Skip header and navigation

Refine By

11 records – page 1 of 2.

Cardiovascular risk factor patterns and their association with diet in Saami and Finnish reindeer herders

https://arctichealth.org/en/permalink/ahliterature102174
Source
Pages 301-304 in G. Pétursdóttir et al., eds. Circumpolar Health 93. Proceedings of the 9th International Congress on Circumpolar Health, Reykjavík, Iceland, June 20-25, 1993. Arctic Medical Research. 1994;53(Suppl.2)
Publication Type
Article
Date
1994
play a role, since they reduce atherogeneity and thrombogeneity of the diet. References 1. Nayha S. Geographical variations in cardiovascular mortality in Finland, 1%1-1985. Scand J Soc Med 1989; (Suppl) 40. Pp.48. Chapter 4: Nutrition and health of indigenous poplllatioo 2. Nayha S, Hassi
  1 document  
Author
Näyhä, S
Sikkilä, K
Hassi, J
Nayha, S
Sikkila, K
Author Affiliation
Regional Institute of Occupational Health, Oulu Finland
Department of Public Health Science and General Practice, University of Oulu, Finland
Source
Pages 301-304 in G. Pétursdóttir et al., eds. Circumpolar Health 93. Proceedings of the 9th International Congress on Circumpolar Health, Reykjavík, Iceland, June 20-25, 1993. Arctic Medical Research. 1994;53(Suppl.2)
Date
1994
Language
English
Geographic Location
Finland
Publication Type
Article
Digital File Format
Text - PDF
Keywords
Antioxidants
Cardiovascular disease
Diet
Finland
Health
Reindeer herders
Reindeer meat
Risk factors
Saami
Serum cholesterol
Abstract
Cardiovascular risk factors and their association with diet were examined in Saami (Lapp) and Finnish reindeer herders (total sample size 2705). The Saami men showed lower systolic blood pressure (130 mmHg) than the Finns (137 mmHg), higher serum total cholesterol (6.92 vs. 6.51 mmol/l) and triglycerides (1.32 vs. 1.11 mmol/l), and more Saami than Finnish men were smokers (34% vs. 27%). Subjects eating reindeer meat daily showed serum cholesterol 0.6 mmol/l higher than those who did so once a month or more rarely, the association being independent of age, season, body mass index, or consumption of coffee, milk, bread, fish, or alcohol. The high content of antioxidants of the Saami diet might explain why cardiovascular diseases are relatively uncommon in the Saami area despite the adverse risk factor pattern.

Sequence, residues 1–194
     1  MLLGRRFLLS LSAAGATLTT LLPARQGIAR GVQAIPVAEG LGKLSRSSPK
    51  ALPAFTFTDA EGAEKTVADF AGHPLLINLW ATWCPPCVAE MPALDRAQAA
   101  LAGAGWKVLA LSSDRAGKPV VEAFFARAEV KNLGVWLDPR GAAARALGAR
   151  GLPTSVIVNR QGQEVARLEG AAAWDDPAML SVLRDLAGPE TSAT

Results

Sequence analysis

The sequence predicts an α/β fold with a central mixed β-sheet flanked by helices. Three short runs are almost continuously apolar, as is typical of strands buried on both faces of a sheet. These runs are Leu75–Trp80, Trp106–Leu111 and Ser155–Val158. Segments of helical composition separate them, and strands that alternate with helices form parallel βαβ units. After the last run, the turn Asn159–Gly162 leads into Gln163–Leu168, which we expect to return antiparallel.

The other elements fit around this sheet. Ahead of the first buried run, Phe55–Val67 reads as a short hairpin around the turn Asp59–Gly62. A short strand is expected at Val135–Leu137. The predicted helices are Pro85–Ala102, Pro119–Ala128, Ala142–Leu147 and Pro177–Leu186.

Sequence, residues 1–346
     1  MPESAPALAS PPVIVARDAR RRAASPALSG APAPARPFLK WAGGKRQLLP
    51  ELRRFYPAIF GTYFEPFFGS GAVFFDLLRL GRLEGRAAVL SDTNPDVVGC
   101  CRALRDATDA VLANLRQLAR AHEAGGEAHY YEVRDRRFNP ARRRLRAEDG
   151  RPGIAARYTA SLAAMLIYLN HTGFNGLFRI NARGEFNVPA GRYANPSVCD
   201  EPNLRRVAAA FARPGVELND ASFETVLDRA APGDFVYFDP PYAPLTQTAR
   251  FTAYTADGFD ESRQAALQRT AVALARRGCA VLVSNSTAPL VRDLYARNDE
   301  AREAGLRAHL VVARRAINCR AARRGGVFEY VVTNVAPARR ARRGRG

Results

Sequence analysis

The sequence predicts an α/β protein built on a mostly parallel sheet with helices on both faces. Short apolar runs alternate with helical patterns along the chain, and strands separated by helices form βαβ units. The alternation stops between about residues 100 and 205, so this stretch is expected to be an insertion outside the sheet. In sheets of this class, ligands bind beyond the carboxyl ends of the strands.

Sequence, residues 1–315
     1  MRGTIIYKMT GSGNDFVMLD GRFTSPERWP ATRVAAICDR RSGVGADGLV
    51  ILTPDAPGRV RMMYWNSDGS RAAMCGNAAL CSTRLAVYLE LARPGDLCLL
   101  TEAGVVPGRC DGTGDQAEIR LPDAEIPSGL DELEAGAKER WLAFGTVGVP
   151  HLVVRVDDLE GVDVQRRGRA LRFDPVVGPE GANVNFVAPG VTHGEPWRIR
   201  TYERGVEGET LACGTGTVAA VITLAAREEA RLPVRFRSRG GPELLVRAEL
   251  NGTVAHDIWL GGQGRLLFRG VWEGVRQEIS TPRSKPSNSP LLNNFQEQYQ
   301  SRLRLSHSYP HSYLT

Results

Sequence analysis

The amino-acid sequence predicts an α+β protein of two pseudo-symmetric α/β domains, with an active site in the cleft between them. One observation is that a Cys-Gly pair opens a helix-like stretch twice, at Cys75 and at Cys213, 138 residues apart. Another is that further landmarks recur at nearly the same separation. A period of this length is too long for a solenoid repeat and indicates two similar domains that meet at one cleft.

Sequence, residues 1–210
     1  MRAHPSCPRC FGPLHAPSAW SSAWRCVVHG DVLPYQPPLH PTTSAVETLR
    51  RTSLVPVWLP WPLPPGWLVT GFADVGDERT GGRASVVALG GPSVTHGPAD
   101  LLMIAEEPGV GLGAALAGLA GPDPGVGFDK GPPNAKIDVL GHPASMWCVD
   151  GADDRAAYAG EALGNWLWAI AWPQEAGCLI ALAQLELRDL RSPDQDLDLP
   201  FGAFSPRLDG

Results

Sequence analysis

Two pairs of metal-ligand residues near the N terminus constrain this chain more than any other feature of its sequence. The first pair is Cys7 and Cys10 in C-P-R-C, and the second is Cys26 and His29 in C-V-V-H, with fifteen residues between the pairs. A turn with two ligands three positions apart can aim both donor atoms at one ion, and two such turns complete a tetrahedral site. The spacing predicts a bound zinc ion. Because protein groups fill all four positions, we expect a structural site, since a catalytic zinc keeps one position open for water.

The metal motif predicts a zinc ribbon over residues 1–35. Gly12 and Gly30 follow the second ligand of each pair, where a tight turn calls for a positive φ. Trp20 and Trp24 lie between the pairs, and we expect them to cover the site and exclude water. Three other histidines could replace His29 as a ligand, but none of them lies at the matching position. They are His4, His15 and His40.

Documents
Less detail

Cold induced discomfort, performance degradation and damages experienced by forestry workers

https://arctichealth.org/en/permalink/ahliterature102182
Source
Pages 334-336 in G. Pétursdóttir et al., eds. Circumpolar Health 93. Proceedings of the 9th International Congress on Circumpolar Health, Reykjavík, Iceland, June 20-25, 1993. Arctic Medical Research. 1994;53(Suppl.2)
Publication Type
Article
Date
1994
  1 document  
Author
Rintamäki, H
Rissanen, S
Norola, S
Latvala, J
Näyhä, S
Rintamaki, Hi
Nayha, S
Author Affiliation
Oulu Regional Institute of Occupational Health, Oulu, Finland
Veitsiluoto Oy, Kemi, Finland
Source
Pages 334-336 in G. Pétursdóttir et al., eds. Circumpolar Health 93. Proceedings of the 9th International Congress on Circumpolar Health, Reykjavík, Iceland, June 20-25, 1993. Arctic Medical Research. 1994;53(Suppl.2)
Date
1994
Language
English
Publication Type
Article
Digital File Format
Text - PDF
Keywords
Ambient temperature
Clothing
Cold stress
Discomfort
Forestry workers
Health
Performance
Abstract